Yeesh! I forgot to mention the part that cracked people up. If I put a finger in the ‘wrong’ position, I would ‘hear’ the missed note. It was evidently very amusing to watch me reacting to dissonant chords that nobody else could hear …
I don’t add whole numbers. I’ve been this way since I was a kid, and it used to drive my mother nuts.
For an (overly-simplified) example:
Given the problem-- 8+5+13= ?
I automatically break it down into 5 + 5 + 10 + 3 +3 = 26
Don’t know why, but the second problem just zips along in my brain while the first gets my gears all clogged up. Anyone else do this, or am I a total freak like my mama always said?
I don’t get the little talking voice when I read, but I get it when I think. I get a thought, know what I want to “say” in my head, then I have to say every word in my head, which is annoying because I think much faster than I “speak.”
Did that even make any sense?
I do the math thing belladonna talked about, too.
Sort of a highjack, but last night my dad and I saw a bumper sticker that said “Visualize whirled peas,” and we spent the next 15 minutes talking about our “whirled peas.” Mine are canned peas, slightly squished, greyish green in color, mixed with the canning liquid, just slowing down after finishing whirling very quickly. His peas are apparently garden fresh and bright green, and are whirling around very fast in the air.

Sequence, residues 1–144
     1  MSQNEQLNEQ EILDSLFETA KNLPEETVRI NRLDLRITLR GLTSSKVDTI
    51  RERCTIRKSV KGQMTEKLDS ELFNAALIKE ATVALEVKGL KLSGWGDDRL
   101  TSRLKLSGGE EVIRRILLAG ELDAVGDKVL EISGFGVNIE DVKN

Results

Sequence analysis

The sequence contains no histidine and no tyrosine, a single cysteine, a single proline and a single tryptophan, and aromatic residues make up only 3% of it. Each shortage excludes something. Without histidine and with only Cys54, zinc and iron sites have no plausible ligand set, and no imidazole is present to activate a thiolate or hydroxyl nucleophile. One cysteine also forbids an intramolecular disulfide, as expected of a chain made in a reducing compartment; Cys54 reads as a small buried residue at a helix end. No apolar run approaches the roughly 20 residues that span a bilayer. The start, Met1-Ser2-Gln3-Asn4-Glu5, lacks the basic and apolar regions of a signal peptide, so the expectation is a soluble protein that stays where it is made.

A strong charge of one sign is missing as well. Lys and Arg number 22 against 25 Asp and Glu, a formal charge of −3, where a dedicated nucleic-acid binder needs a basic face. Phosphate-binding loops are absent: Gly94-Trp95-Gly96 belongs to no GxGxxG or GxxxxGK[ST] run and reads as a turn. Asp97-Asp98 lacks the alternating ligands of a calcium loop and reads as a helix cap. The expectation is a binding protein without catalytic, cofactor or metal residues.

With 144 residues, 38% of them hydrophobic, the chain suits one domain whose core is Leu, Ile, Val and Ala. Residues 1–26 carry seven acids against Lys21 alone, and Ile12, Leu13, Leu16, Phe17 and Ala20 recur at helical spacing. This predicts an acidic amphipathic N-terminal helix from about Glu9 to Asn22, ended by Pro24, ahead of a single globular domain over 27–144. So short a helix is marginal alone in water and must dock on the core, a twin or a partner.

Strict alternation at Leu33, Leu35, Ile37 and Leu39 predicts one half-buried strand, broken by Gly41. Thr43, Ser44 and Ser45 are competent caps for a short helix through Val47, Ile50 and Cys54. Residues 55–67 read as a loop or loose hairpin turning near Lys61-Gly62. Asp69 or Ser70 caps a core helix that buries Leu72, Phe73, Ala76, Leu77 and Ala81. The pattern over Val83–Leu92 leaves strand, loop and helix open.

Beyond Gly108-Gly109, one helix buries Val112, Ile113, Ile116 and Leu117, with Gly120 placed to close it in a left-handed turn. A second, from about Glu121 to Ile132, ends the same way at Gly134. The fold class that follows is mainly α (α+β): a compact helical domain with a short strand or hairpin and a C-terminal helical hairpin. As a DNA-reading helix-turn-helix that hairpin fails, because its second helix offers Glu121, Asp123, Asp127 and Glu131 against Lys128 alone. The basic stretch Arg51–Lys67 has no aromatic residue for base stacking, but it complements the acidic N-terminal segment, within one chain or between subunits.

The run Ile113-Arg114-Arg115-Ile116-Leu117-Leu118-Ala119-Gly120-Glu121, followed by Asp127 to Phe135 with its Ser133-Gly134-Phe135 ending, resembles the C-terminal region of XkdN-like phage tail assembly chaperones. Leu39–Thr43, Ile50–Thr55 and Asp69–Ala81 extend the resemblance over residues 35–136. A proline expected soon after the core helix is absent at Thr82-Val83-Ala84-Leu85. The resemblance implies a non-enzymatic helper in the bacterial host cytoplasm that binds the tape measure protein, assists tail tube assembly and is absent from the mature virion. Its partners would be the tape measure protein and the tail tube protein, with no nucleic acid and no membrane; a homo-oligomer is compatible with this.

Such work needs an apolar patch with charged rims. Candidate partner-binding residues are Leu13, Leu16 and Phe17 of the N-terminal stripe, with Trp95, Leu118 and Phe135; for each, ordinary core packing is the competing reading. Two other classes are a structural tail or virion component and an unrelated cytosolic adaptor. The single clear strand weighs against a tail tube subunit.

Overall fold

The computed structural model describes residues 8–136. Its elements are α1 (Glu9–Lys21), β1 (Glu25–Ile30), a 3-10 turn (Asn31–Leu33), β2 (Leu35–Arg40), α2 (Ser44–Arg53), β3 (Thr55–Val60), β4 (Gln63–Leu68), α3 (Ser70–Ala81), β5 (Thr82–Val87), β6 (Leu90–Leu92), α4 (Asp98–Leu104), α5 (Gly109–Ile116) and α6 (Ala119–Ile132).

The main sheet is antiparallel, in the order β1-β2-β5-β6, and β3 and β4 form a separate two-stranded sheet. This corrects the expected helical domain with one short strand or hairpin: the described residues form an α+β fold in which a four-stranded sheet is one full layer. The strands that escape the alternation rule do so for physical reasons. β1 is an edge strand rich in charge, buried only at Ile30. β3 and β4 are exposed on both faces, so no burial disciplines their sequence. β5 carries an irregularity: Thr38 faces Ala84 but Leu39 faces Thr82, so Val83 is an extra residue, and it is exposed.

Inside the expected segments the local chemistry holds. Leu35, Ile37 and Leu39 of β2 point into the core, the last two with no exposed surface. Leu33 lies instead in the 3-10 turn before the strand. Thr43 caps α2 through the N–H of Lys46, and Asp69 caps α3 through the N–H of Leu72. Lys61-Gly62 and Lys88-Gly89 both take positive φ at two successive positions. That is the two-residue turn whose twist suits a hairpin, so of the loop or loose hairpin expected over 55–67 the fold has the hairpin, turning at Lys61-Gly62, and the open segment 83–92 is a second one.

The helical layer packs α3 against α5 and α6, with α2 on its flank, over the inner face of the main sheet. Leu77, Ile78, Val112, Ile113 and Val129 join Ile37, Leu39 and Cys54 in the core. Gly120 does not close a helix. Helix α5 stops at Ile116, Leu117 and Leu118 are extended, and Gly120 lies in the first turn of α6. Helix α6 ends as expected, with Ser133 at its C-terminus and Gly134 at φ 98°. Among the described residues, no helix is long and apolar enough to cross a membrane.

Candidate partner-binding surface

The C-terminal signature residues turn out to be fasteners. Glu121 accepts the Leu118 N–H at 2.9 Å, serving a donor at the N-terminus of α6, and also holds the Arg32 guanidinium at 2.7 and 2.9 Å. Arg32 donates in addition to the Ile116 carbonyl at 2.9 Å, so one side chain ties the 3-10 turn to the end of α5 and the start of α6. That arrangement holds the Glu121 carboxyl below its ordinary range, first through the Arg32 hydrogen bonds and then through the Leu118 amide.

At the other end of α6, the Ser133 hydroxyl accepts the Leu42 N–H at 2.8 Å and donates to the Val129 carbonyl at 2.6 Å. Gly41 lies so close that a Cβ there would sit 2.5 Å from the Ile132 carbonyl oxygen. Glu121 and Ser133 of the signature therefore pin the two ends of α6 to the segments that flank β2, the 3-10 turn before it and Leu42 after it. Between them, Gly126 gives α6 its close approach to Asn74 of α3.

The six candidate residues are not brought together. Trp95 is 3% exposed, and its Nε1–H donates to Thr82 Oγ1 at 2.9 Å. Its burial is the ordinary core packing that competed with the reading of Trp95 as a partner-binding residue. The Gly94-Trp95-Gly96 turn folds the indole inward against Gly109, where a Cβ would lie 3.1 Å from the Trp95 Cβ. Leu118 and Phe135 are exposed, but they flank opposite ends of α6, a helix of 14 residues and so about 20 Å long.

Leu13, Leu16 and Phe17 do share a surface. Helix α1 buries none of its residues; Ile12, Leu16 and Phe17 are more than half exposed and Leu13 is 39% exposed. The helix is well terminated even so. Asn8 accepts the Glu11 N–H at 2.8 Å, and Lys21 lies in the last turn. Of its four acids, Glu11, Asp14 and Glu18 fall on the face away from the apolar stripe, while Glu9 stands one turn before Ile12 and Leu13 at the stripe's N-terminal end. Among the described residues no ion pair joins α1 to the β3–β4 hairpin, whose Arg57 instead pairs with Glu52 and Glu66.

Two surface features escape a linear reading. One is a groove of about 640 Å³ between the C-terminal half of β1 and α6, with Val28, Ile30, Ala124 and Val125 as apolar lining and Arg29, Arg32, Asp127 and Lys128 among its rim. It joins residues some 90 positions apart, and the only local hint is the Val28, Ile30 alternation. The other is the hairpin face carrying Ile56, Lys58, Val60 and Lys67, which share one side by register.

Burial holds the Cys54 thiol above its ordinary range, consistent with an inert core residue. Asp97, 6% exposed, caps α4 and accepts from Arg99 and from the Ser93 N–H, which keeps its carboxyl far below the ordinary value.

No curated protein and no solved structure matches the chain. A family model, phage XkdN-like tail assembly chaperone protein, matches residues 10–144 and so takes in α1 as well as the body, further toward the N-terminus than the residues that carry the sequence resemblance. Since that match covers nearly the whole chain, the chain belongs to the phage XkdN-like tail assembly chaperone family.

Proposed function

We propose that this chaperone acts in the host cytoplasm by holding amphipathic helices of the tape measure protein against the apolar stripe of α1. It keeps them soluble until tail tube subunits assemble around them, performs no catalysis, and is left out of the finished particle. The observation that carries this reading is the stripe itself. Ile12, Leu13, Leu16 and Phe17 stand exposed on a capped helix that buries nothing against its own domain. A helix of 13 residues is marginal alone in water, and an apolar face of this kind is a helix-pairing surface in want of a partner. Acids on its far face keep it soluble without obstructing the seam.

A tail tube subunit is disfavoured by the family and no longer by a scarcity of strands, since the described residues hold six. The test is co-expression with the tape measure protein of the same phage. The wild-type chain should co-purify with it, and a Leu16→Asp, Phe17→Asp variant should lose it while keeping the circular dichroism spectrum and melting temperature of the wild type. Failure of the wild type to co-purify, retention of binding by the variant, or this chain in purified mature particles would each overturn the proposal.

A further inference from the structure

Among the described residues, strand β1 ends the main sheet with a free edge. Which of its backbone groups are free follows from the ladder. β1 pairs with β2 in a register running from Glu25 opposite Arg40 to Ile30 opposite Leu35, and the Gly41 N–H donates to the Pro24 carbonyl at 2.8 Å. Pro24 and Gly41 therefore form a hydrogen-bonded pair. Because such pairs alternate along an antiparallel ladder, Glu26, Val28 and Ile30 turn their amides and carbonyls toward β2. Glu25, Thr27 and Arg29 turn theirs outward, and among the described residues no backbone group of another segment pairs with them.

He said that I need a healthier view of whirled peas.
I would break it down too, but not the same way. I would probably think 8 + 12 + 6 = 26.
I also hear myself in my head when I’m reading, but most of the time I can ignore it, if that makes any sense.
I just finished reading The Blue Nowhere by Jeffery Deaver, which involves some really hardcore computer hackers. Several of the characters in the book unconsciously “ghost-type” their thoughts on imaginary keyboards, which I thought was a really interesting concept.
When I’m in a really good math mode, I can add sets of numbers without consciously thinking about it. I guess I mean, I do arithmetic in two completely different ways.
One is where I think, okay, five plus six is 11, and if I want to add eight to that, I add one and eight, that’s nine, plus there’s a one in the tens place , that 19. . . Basically doing the math in my head the same way I’d do it if I was jotting the problem down on paper.
The other way is just freaky. I just run my eyes over the numbers and I can blurt out the answer. I don’t know what part of my brain is doing the math, but it’s not the part that deals with the numbers symbolically. It doesn’t always work. I usually have to be doing some sort of repititious task, like adding adding up grades on an exam.
I think all of these differences can be related back to learning styles. Some people learn by hearing. Some people learn by seeing. Some people learn by doing. Classes are usually taught doing all three so everyone gets something out of it.
I have the same spelling problem as Lobsang. Ask me to spell a word, I can’t without writing it down or typing it.
THe magna-doodle clearing thing cracked me up. I have at least two voices inside, one major, one minor, or at least they seem to be layered. I have the one that does the thinking, and an observer. I only notice teh observer when I am trying to clear my mind. I can get the major one to shut up, but the minor one always ruins it by exclaiming how well we are doing at thinking of nothing.